ATLANTA -- The Coca-Cola Co., staggered by grass-roots protests against the new taste of Coke, announced Wednesday it will reintroduce 'old Coke' within the next few weeks as 'Coca-Cola Classic.'
The old flavor Coke will be marketed alongside new Coke, which was introduced in April, company spokesman Thomas Gray said.
'Everyone wins,' Gray said. 'Thousands of dedicated Coca-Cola consumers have told us they still want the original taste as an option. We have listened and we are taking action to satisfy their request.'
Pepsi officials, who declared a company holiday when Coke changed its formula, greeted the news as another chink in Coca-Cola's armor.
'We're not surprised to hear Coke is reintroducing its old formula because quite clearly the new formula was universally hated,' said Ken Ross, a Pepsi spokesman in Purchase, N.Y. 'I think we've got a great opportunity and we'll go right at it.'
Coca-Cola officials have said the firm was inundated with both complaints and compliments about the taste change.
Guy Mullins of Seattle, the founder of Old Cola Drinkers of America, said he was 'ecstatic' about the return of old Coke.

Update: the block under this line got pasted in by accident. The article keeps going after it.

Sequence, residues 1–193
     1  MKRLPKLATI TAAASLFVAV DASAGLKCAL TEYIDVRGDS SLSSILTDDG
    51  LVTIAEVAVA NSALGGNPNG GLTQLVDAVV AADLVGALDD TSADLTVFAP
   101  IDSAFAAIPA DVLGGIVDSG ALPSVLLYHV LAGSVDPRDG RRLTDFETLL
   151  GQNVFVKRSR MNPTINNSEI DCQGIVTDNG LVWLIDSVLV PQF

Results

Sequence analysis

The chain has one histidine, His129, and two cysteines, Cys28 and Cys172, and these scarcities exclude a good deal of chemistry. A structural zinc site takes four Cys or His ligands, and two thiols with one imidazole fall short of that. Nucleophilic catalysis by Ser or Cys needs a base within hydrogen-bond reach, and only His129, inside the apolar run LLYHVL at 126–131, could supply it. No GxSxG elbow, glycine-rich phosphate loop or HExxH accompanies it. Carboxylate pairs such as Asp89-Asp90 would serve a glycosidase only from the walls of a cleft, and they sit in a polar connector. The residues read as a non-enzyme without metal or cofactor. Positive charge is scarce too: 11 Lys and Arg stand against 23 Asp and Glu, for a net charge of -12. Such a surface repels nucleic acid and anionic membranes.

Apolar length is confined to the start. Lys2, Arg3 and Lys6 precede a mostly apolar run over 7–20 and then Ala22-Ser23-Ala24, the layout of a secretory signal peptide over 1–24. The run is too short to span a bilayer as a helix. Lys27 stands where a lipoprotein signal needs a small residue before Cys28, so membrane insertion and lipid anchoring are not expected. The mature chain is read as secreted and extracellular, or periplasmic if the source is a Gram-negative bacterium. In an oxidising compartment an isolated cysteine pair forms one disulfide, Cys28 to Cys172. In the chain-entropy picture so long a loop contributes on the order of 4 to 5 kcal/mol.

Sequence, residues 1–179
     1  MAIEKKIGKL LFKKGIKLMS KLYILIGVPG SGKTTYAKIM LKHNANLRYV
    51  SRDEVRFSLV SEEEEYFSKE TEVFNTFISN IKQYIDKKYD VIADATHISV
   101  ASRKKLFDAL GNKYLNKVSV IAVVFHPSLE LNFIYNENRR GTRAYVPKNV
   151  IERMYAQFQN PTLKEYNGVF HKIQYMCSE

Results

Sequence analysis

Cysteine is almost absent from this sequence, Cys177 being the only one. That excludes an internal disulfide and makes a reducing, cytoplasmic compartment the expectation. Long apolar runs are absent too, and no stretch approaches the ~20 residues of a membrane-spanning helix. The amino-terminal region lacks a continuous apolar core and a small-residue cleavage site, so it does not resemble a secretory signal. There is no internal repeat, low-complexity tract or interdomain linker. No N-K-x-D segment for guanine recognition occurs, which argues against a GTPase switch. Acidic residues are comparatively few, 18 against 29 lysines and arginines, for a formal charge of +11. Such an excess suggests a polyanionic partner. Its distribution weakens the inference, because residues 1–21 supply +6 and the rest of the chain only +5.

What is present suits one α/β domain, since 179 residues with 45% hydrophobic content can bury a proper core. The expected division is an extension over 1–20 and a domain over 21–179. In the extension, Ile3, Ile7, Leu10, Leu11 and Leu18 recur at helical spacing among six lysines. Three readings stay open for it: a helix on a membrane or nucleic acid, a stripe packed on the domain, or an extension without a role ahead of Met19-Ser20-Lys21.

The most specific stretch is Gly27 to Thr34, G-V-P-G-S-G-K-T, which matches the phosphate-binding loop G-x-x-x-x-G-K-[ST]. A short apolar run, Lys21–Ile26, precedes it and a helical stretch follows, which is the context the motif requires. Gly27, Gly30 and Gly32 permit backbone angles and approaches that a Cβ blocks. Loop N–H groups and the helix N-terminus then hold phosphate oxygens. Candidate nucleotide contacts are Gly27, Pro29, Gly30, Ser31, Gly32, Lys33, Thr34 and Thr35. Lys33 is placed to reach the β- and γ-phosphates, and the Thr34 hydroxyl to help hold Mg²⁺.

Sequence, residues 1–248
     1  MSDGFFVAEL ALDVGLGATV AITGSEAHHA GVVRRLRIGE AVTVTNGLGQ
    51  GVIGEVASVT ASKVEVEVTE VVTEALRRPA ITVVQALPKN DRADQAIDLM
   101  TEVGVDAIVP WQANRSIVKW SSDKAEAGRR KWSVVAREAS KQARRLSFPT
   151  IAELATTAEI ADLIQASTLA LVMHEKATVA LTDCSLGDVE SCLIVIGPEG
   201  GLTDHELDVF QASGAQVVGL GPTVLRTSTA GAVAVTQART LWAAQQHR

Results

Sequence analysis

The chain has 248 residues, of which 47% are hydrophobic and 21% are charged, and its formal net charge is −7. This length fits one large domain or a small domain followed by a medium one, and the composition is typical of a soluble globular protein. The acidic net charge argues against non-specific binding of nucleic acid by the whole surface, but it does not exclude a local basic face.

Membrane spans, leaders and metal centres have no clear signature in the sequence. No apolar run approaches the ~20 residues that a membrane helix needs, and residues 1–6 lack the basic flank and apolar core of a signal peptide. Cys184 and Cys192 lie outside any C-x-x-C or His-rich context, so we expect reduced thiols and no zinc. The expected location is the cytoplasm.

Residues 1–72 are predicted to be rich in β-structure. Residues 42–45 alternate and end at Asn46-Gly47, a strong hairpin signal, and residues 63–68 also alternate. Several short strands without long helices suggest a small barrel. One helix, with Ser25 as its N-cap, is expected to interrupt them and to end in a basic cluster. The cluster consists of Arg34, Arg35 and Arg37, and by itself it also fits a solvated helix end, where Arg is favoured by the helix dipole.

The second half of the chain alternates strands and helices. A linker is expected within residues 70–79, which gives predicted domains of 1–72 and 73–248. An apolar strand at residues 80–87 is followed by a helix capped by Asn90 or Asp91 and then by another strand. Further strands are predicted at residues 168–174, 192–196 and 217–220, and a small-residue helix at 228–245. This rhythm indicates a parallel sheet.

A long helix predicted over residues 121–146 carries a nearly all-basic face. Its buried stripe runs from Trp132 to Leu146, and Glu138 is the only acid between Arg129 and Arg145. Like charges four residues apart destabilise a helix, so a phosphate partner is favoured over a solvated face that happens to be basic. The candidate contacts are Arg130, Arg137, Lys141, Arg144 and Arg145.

'We're elated that the American consumer can have a choice and get the Old Coca-Cola back,' said Mullins, who filed a suit against the soft drink giant to require it to provide 'old Coke.' The suit was thrown out of court.
Although taste tests by the company indicated a majority of people prefer the new taste of Coke, a survey by Leo J. Shapiro, a Chicago research firm, shows 59 percent of soft drink buyers who have tasted the new Coke say the original formula tastes better.
A vocal legion of long-time Coke drinkers created a national stir about the formula change, the first in the 99-year history of the soft drink. Some people stockpiled the 'old Coke' and enterprising merchants were selling cases of 'vintage Coke' at double and triple price.
Jesse Meyers, an industry expert and publisher of the Beverage Digest newsletter, said the decision to reintroduce 'old Coke' was 'absolutely' the result of the groundswell of negative reaction.
'I think it's two things,' Meyers said. 'One, the market is getting incredibly diversified. Coke sees this an an opportunity to add another segment.
'Secondly, the diehard, very vocal Coca-Cola drinker wants his old friend back. This became a cultural offense to some people and Coke is now saying, 'Hey, we're listening to you.''
Coke is the top soft drink in the United States, but its market share in the $23-billion-a-year industry has been diminished by its chief rival, Pepsi. According to latest figures in Beverage Digest, Coke holds a 21.7 percent market share to 18.8 for Pepsi.
Coca-Cola officials said company researchers stumbled on the new taste of Coke while working on a formula for Diet Coke in 1980. They called the new Coke formula lighter and said it had a better taste.
New Coke critics said the change was intended to make Coke taste more like Pepsi.
Company officials said Coca-Cola Classic will be available in some markets within several weeks and will not affect the production of the new Coke.